At the south end of this section of the show barn is a scale that was capable of weighing animals up to 3000 pounds. This view was taken facing southwest at approximately 3:00 PM on Sunday, November 2, 2008.



The largest and most famous animal was Ankonian 3551. He weighed in at 1700 pounds. For his breeding abilities he was known as “Big Daddy.” This photo is courtesy of the National Park Service.



Also in the rear of the barn is a squeeze chute. This view was taken facing southwest at approximately 3:00 PM on Sunday, November 2, 2008.



The sides of the chute (light colored boards) would press together in an attempt to keep the animal still, and to keep the animal and people handling it from getting hurt. This view was taken facing north at approximately 3:00 PM on Sunday, November 2, 2008.



The sides of the chute state, “We Like Ike.” This view was taken facing southwest at approximately 3:00 PM on Sunday, November 2, 2008.

In this video clip, Donna explains how grain was brought into the barn. To fatten them up, they didn’t eat a lot of hay. They mostly ate grain. This view was taken facing southeast at approximately 3:00 PM on Sunday, November 2, 2008.



At the bottom of the grain chute is the augur that Donna explained during the previous video clip. This view was taken facing north at approximately 3:00 PM on Sunday, November 2, 2008.



We’re following the grain to a room on the other east side of the wall before which Donna was talking in the previous video clip. This view was taken facing southwest at approximately 3:00 PM on Sunday, November 2, 2008.

In this video clip, Donna explains how grain was put into three separate bins. These animals were fed grain three times a day. This view was taken facing northwest, west, and then southwest at approximately 3:00 PM on Sunday, November 2, 2008.



Three bins for the three grains fed to the animals: corn, oats, and barley. The mixture with molasses, linseed pellets, and beet pulp not only put the animals in top condition. It made their coats shiny. This view was taken facing west at approximately 3:00 PM on Sunday, November 2, 2008.



We first entered the Show Barn moving from right to left in this photograph, or from north to south. Now we’re going to make a left turn coming towards the camera position in the shorter wing known as the Nursing Wing. This view was taken facing west at approximately 3:00 PM on Sunday, November 2, 2008.



In the Nursing Wing, the black angus calves were taken away from their mother and given to Holsteins, dairy cows. This view was taken facing east at approximately 3:00 PM on Sunday, November 2, 2008.

In this video clip, Donna explains the Nursing Wing. This view was taken facing east at approximately 3:00 PM on Sunday, November 2, 2008.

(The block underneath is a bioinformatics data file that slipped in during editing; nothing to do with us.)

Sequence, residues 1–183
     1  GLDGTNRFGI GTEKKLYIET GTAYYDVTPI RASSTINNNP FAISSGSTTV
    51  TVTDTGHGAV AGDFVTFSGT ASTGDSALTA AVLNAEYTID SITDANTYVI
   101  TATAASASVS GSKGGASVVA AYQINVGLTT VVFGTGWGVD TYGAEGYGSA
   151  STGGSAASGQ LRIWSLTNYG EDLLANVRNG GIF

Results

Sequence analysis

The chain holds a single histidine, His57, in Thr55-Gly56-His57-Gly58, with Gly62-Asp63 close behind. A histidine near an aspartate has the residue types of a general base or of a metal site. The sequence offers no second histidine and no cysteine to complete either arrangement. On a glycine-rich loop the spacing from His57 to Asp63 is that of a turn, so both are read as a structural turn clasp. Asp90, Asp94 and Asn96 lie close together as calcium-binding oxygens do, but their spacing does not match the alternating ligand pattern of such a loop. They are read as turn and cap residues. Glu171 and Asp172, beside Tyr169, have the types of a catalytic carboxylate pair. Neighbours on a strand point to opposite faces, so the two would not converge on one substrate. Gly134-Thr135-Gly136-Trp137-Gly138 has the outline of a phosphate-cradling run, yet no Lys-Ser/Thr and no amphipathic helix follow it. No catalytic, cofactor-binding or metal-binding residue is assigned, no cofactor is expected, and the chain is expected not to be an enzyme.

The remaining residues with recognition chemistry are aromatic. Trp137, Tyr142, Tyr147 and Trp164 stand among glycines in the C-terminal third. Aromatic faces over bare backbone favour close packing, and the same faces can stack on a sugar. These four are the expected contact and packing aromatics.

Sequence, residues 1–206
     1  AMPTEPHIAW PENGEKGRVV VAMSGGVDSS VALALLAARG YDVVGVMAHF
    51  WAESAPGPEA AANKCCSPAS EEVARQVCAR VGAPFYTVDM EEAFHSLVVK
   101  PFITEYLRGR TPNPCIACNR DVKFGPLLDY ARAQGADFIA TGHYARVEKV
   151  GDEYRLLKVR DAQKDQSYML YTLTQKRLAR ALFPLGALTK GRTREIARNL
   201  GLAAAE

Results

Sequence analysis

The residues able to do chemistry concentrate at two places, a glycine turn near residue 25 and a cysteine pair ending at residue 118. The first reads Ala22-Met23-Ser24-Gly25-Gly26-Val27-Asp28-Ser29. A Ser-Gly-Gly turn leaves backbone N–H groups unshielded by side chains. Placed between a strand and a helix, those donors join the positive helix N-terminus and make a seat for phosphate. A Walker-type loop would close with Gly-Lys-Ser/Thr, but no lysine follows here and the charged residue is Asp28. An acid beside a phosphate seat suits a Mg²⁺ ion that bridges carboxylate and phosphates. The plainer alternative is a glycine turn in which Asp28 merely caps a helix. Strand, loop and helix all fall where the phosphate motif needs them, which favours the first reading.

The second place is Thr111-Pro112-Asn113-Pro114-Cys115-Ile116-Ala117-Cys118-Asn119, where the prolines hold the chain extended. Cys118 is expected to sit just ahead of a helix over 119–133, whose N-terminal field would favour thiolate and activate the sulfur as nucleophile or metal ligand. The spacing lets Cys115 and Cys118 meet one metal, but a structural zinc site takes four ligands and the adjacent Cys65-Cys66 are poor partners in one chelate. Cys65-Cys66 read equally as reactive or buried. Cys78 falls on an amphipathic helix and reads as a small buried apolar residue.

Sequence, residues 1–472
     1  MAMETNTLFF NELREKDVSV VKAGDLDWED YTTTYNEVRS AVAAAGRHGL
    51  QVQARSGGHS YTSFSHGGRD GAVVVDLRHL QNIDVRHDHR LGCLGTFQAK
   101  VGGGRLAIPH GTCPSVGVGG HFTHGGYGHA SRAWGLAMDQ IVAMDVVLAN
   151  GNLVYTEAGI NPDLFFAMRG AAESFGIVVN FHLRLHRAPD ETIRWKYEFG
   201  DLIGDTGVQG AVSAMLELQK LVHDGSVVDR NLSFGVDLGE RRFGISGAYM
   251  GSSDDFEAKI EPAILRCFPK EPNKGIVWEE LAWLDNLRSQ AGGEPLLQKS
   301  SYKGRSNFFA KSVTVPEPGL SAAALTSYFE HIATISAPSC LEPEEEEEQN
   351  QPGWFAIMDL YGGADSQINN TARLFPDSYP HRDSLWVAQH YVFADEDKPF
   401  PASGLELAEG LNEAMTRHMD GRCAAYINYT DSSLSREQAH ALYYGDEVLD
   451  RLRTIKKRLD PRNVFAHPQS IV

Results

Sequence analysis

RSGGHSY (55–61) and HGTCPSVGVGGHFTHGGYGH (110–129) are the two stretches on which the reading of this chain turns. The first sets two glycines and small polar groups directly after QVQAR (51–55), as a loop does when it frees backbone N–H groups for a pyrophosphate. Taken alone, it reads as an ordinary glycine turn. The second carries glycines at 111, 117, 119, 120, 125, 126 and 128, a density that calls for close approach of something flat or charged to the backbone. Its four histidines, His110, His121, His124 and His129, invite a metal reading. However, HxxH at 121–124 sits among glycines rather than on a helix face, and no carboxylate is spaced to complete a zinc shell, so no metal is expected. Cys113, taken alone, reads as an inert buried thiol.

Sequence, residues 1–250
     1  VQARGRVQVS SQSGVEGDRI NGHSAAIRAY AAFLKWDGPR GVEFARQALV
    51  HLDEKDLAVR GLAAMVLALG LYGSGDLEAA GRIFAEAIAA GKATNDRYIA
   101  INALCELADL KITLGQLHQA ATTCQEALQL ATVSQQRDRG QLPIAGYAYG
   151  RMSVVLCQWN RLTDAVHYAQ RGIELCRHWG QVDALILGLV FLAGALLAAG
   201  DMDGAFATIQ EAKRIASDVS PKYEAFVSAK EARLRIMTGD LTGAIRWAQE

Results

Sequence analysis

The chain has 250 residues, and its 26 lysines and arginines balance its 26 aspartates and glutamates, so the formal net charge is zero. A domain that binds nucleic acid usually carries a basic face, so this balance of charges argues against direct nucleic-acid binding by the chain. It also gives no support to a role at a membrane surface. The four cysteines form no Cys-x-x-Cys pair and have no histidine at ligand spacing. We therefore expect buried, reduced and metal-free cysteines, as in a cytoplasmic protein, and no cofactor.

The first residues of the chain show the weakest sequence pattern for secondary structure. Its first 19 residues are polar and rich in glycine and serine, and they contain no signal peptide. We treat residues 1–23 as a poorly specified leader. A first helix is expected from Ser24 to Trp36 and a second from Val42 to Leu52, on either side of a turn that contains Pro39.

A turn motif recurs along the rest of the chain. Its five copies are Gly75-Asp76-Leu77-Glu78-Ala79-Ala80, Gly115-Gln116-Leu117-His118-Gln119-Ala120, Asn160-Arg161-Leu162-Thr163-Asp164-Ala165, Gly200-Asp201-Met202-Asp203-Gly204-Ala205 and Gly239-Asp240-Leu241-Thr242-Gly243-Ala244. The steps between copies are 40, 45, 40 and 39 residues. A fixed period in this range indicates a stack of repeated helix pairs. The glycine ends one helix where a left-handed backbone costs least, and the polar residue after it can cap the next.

In the nursing wing, and other areas throughout Eisenhower National Historic Site, visitors (and you at home) can pull out their cell phones, dial the number, and listen to a history of that spot. Seventeen stops on the new tour also include the guest house, garage, rose gardens, putting green, orchard, and bird coop – dog pens. Story topics and stop numbers are listed on the Eisenhower NHS website at www.nps.gov/eise/planyourvisit/cell-phone-tour.htm. The tour is free but cell phone minutes apply. The cell phone tour is made possible by a generous grant from the Dwight D. Eisenhower Society. This view was taken facing northeast at approximately 3:00 PM on Sunday, November 2, 2008.



Instead of cattle, the Nursing Wing now contains the original farm equipment. This view was taken facing east at approximately 3:00 PM on Sunday, November 2, 2008.

In this video clip, Donna Lechak talks about the farm equipment. This view was taken facing east at approximately 3:00 PM on Sunday, November 2, 2008.



Here is the 1949 Allis Chalmers tractor that Donna mentioned in the previous video. This view was taken facing northeast at approximately 3:00 PM on Sunday, November 2, 2008.



The Nursing Wing also includes this John Deere Planter and fertilizer… This view was taken facing southwest at approximately 3:00 PM on Sunday, November 2, 2008.



… and this John Deere Chuck Wagon. This view was taken facing southeast at approximately 3:00 PM on Sunday, November 2, 2008.



Northwest of the Show Barn is the fenced in area where “Big Daddy,” Ankonian 3551 was kept. This view was taken facing northwest at approximately 3:00 PM on Sunday, November 2, 2008.



Ankonian, as this wayside explains, was penned up so that he could not go into the pasture, and possibly sire cattle with animals he shouldn’t, such as those related to him. This view was taken facing west at approximately 3:00 PM on Sunday, November 2, 2008.

In this video clip, Donna Lechak talks about some of Ankonian’s antics. This view was taken facing east at approximately 3:00 PM on Sunday, November 2, 2008.



Here is how they had to double up some of the boards to keep Ankonian in his pen. This view was taken facing north at approximately 3:00 PM on Sunday, November 2, 2008.



We will return to the Eisenhower National Historic Site for future posts. Here’s a view of Farm # 2 from the area of Farm #4, which is west of Farm #2. This view was taken facing east at approximately 4:30 PM on Monday, November 3, 2008.